Domestic and economic abuse
Domestic abuse is violent, coercive or controlling behaviour by partners, ex-partners or family members, regardless of gender or sexuality.
It can be physical or emotional and can also mean frightening any children in the household.
For anyone who feels they are at risk of abuse, there is help and support available, including police response, online support, helplines, refuges and other services.
There are many forms of domestic abuse;
- Constant criticism and humiliation;
- Shouting, blaming and shaming;
- Intimidation and controlling behaviour;
- Threats and verbal assault;
- Physical assault and sexual abuse
- Involves abusers dictating a victim’s choices and controlling their everyday actions, though use of violence or threats of violence if their demands are refused.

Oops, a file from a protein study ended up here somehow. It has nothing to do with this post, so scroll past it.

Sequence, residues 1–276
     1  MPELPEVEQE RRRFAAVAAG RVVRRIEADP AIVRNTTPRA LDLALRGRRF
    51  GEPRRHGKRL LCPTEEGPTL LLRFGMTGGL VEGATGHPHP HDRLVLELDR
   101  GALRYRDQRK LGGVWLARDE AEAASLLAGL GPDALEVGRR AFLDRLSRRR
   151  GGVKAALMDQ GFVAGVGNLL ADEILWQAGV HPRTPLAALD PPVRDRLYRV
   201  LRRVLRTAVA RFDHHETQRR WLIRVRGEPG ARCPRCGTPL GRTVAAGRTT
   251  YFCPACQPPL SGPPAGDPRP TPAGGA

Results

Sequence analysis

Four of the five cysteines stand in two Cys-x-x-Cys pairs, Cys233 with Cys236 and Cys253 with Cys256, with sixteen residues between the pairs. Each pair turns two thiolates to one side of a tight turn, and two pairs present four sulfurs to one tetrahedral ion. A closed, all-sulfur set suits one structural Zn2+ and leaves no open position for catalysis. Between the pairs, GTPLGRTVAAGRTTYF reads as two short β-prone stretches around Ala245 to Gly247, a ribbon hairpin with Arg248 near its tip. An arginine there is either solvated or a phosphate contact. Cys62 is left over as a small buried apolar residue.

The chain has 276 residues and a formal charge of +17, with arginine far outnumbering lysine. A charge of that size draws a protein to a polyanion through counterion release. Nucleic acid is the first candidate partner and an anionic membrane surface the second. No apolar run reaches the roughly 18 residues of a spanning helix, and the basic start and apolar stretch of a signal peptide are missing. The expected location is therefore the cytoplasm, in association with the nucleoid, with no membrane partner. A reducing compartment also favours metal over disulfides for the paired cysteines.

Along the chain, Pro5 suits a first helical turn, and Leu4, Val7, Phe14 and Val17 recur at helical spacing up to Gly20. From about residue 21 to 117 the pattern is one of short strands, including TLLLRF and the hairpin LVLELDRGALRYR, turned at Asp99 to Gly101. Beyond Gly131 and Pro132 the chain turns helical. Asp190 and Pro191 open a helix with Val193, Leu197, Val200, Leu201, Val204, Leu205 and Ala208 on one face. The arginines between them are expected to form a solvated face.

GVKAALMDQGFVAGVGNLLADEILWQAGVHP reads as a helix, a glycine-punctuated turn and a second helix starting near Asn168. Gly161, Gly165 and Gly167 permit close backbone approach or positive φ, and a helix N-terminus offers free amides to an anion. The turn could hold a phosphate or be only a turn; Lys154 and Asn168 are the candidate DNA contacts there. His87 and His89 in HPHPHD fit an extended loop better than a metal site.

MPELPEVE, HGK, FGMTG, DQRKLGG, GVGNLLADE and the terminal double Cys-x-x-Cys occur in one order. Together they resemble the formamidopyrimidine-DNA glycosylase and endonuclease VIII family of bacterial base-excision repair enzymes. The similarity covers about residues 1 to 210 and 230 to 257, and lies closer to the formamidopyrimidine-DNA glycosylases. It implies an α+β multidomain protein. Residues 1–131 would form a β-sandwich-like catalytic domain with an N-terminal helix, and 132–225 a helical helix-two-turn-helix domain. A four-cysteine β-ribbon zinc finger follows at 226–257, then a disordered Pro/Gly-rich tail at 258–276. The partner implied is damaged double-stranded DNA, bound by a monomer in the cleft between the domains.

- Designed to limit a person’s freedom and creates economic instability and isolation, ultimately making the victim depend upon the abuser, which can prevent victims from leaving and rebuilding their lives.
- Can include abusers interfering (through control, exploitation or sabotage) with a victim’s access to essential resources such as money and finances, as well as those things that money can buy, such as food, clothing, transport a place to live.
- Abusers may also prevent a person from accessing or progressing in employment, education or training.